Driven to win: Packers' road map to upset

Pete Dougherty
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You might think the Arizona Cardinals have the psychological edge on the Green Bay Packers.

A little less than three weeks ago they destroyed the Packers, 38-8, at the same University of Phoenix Stadium where the teams will meet Saturday night in an NFC divisional playoff game.

But an assistant coach from a Cardinals’ NFC West Division rival thinks the Packers gain an edge because the blowout challenges their manhood and possibly takes an edge off Arizona.

“It’s hard to (pick) against Arizona because they’re the home team,” the coach said. “(But) it won’t be like last time, just because the (Packers) players are professionals and they’re competitors. They get grittier the next time. Doesn’t mean they’re going to win, but they get a lot grittier. It’s hard to beat a team twice.”

The coach was one of four assistants and scouts from NFC West teams I talked to this week about the matchup and how the Packers might pull off the upset as seven-point underdogs. They offered even greater insight because their teams had played the Packers – the Packers faced the NFC West this season as part of the NFL’s yearly rotational schedule.

The main takeaway from those conversations was that the Packers’ need to hit Cardinals quarterback Carson Palmer early and often. That was the subject of a column earlier this week. Following are four other keys:

1. It’s a given that the Packers can slow Arizona’s pass rush and take the crowd out of the game with a decent running game. The questions is, what’s the best way to attack a Cardinals defense that allowed the sixth-fewest rushing yards in the NFL?

Two points came up consistently: Double team defensive lineman Calais Campbell and run at undersized linebacker Deone Bucannon.

Campbell, a Pro Bowler this season and last, is a huge man (6-feet-8, 300 pounds) who is disruptive in the run and pass games. He was the dominant defensive player in Arizona’s win over the Packers on Dec. 27 with 2 ½ sacks plus another quarterback hit and three tackles for a loss.

“If I had to pick somebody in the division that’s the most underrated player going, it’s that guy,” one coach said. “He’s one of the most disruptive guys going. He doesn’t always make plays, but you see people trying to block him and it ain’t happening. … He’s a (run) wrecker”

Campbell is unusual in that he uses pass-rush moves even on early downs, which helps him get in the backfield against the run.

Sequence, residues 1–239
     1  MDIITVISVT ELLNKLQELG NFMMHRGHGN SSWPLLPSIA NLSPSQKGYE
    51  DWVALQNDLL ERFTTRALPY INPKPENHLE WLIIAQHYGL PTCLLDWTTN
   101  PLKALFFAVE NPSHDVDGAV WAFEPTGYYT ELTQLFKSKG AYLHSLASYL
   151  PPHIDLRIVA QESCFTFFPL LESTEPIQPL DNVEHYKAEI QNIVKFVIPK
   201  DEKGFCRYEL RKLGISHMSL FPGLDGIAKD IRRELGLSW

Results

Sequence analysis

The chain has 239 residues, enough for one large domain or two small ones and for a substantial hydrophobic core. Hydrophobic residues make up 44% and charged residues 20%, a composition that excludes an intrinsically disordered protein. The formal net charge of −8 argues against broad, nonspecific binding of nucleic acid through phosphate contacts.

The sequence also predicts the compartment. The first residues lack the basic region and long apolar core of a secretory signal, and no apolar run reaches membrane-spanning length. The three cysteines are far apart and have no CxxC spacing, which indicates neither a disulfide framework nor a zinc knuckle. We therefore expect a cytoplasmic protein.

“He’s the guy you have to reckon with,” the other coach said. “Run at him with some double teams. He’s pretty good when you run away from him. … He’s unconventional. Any time (defensive linemen) do their pass-rush moves in the running game, you cannot be singled up. ”

The Cardinals drafted Bucannon as a safety at No. 27 overall in 2014 but moved him full time to linebacker this season. He’s badly undersized (6-foot-1, 211), fast (4.49-second 40), explosive and tough. But one scout that a linebacker as small as Bucannon invariably wears down if run at regularly.

“He can chase down plays,” the scout said. “If a guard can’t get him and you’re ready to bust a play for 15 yards he’ll get you for two. That’s the advantage (of playing him at linebacker). The disadvantage is if you run at him, there are only so many hits a guy like that will take. (Packers fullback John) Kuhn cuts guys, but you lower your hat on (Bucannon) eyeball to eyeball, he doesn’t want to do that. Those (smaller) guys lose too badly, the vibration goes through them.”

One scout said that if he were the Packers he’d give James Starks more carries than Eddie Lacy.

“Lacy looks good and maybe in short yardage and maybe the red-zone I back,” the scout said. “But you want a guy to hit that edge in this league, it’s (Starks). I’m not wasting any time. I’m getting Lacy in the mix but I’m feeding (Starks). Once you get that run going Aaron (Rodgers) can sit back and start picking his poison who he wants to target.”

2. It didn't matter that the Cardinals’ played without nickel back Tyrann Mathieu (knee injury) in the matchup in December, but it might this time.

Mathieu is disruptive and instinctive – he led the team in interceptions (five) and pass breakups (16). According to Pro Football Focus, he also had 11 sacks, hits and hurries combined, and his 41 stops (an offensive failure based on down and distance) were most among cornerbacks and fourth-most among defensive backs in the NFL this season.

“Seattle exposed (the Cardinals) a little bit in the back end of their secondary (in the regular-season finale) just because he wasn’t there,” a scout said. “They’re vulnerable on the back end. The Packers’ problem is they can’t stretch (the field).”